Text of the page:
The Women’s 100m Freestyle was anticipated to be a big event, but the final roster exceeded expectations, with 7 of the 8 women in the event holding Olympic Gold Medals, and the one without, Mallory Comerford, making her debut at her first World’s took the American Record down leading off the 400m Free Relay on Night 1 and is already a 3 time champion here in Budapest. This is the fastest Women’s 100m Freestyle heat in history and promised for a big show.
Rounding out the field includes Emma McKeon with more silver medals than any other athlete at World’s plus was the anchor to the World Record Setting Australian 400m Free relay. Also in the field was Penny Oleksiak holding the Gold Medal in this event from Rio with her Co-champion Simone Manuel. Bronte Campbell, the defending champion of this event from Kazan 2015 was in the mix as well as Pernille Blume – Rio 2016 Gold Medalist in the 50m Free who came in with a PB from the semis, dropping the Danish National Record below 53 seconds. The London 2012 Olympic Gold Medalist in this event, Ranomi Kromowidjojo was out in Lane 1 as well, but it was Sarah Sjostrom coming in as the heavy favorite heading into the final. Sjostrom came in not only with the top seed but also having just set the new 100m Free World Record leading off Sweden’s 400m Free relay on night 1. Sjostrom came in with her eyes on taking down her own World Record of 51.71.
TRITONWEAR RACE ANALYSIS
Sjostrom had a great start being the first off the blocks in Lane 4 but it was Kromowidjojo, the out in Lane 1 that broke out in the lead with a great underwater leg, staying under for a lengthy 5.10 seconds – the longest of the field. However, Sjostrom quickly made up the deficit within the next 10 seconds of the race to take the lead with her powerful, even stroke. Throughout this, Manuel hugged the lane line trying to take any benefit she could off the wake of the leading Sjostrom heading into the turn.
Sjostrom turned at the 50 with a commanding lead half a body length ahead of the field, clocking 8 hundredths under world record pace and over 3 tenths ahead of Blume in second place. Sjostrom looked good off the turn, but Manuel had a great underwater phase, staying under longer than the rest of the field at 3.61 seconds. While Blume turned in second, both Manuel and Kromowidjojo broke out ahead of her – showing how important underwaters are even in these sprint events.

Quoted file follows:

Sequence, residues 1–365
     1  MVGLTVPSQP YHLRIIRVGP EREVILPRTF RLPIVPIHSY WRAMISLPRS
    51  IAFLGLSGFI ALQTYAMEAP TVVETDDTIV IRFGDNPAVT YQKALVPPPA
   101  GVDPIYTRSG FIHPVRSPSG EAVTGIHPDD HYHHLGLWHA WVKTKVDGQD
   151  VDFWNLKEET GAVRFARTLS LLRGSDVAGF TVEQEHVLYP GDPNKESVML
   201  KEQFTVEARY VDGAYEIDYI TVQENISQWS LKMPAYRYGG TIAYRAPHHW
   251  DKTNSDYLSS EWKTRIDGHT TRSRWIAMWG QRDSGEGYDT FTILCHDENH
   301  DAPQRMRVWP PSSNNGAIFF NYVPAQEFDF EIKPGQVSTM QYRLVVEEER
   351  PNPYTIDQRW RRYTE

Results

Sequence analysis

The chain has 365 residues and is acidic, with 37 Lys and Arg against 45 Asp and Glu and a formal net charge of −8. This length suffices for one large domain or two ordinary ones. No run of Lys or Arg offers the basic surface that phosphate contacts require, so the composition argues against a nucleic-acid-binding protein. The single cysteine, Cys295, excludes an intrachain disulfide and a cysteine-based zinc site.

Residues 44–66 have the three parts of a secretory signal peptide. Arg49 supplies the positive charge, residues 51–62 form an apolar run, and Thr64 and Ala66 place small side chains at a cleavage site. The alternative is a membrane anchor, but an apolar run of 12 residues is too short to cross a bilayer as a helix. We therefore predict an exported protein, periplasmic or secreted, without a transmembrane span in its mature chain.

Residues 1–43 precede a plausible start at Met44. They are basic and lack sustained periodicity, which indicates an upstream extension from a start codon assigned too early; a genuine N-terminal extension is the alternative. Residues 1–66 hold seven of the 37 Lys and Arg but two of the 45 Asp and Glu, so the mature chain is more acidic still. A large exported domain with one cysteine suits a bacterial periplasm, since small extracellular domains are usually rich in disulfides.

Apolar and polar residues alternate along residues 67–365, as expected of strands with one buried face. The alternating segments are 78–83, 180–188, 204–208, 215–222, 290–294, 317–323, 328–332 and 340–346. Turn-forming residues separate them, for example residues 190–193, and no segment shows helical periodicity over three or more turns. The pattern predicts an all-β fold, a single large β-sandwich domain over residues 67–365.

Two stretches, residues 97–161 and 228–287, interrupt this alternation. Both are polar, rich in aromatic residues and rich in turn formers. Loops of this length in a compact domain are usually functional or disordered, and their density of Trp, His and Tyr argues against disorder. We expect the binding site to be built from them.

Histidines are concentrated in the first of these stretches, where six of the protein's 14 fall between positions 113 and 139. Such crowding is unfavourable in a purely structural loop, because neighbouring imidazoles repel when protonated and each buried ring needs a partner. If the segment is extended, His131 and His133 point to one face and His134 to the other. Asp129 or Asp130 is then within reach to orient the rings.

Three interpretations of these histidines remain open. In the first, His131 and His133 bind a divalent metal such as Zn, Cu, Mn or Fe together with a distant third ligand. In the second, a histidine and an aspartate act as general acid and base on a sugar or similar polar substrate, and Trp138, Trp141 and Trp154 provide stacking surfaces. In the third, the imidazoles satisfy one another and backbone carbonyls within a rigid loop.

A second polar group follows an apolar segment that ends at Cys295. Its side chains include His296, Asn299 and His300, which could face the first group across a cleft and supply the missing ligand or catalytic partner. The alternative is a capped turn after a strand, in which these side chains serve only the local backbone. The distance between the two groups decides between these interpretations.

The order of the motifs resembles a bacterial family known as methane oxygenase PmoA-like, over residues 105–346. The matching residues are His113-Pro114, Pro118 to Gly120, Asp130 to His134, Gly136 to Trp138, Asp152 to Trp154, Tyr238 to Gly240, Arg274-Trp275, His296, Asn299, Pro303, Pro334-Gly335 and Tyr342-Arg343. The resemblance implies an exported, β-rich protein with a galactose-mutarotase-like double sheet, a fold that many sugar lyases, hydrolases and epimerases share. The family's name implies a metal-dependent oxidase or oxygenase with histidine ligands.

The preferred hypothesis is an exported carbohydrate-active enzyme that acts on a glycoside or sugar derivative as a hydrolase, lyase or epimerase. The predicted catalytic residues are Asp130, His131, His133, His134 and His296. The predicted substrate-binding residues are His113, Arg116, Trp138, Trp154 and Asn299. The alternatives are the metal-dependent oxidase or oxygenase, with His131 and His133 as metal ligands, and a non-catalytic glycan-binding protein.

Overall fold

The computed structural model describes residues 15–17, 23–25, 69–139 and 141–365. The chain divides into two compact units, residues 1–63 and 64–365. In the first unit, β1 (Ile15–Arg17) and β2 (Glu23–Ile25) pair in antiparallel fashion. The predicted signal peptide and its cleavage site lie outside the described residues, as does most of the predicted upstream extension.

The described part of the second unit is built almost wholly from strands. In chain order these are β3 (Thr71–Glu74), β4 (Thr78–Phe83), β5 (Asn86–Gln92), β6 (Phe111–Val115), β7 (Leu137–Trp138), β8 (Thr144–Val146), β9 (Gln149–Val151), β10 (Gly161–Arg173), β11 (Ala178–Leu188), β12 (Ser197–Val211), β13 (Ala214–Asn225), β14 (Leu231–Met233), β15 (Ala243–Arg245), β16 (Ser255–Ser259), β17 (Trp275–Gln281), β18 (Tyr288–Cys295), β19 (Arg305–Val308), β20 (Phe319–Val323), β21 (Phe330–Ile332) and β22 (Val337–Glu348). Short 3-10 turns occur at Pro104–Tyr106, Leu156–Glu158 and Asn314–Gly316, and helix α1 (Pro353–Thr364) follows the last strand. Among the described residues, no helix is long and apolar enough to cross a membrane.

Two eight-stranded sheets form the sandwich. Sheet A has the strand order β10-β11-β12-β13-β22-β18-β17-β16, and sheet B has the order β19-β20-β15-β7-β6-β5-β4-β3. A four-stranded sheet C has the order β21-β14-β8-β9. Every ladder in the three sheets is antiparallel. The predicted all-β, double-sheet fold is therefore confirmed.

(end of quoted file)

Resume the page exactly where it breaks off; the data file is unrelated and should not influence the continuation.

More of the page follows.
Sjostrom seemingly had the gold in her hand by the 75 – but a lot can happen in that final 25. Past the 75, Sjostrom looked to be tightening up with her DPS dropping significantly and stroke rate slowing taking her stroke index (DPS x Speed – higher the better) down from one of the best in the field at 4.55 down to almost the lowest in the field at 3.78. This was happening while Manuel surged and maintained a strong stroke index of 4.16 and maintained the lowest stroke increase in the field only adding 2 strokes more in her second leg compared to the rest of the field generally adding at least 5. Then in a very 2008-Lezak/Bernard-style moment, Manuel took advantage of the opportunity presented by the fading Swede to gain critical ground in the last 25 meters.
The pair were neck-and-neck in the final stretch home and Manuel put her head down and drove for the wall in the last 10 meters to narrowly out touch the Sjostrom for one of the biggest upsets of the competition. Sjostrom took a breath 3 strokes into the wall and actually raised her head a bit early before hitting the wall which could have been the 4 one-hundredths difference between silver and gold in this 100m freestyle final.
Blume had a great swim over in Lane 6, and while not quite in it fighting for the Gold, was able to get her hand to the wall for the Bronze ahead of the rest of the field only separated by a few 10ths and take down the Denmark National Record at the same time. These top 3 finishers all posted times that would have taken Gold in Rio last summer.
From this race, we see the importance of maintaining an efficient stroke and holding more even splits as well as how critical it is to put your head down to drive through those last 10 metres and hammer the wall before coming up for air – we have seen how this can change the outcome of tight races over the years.
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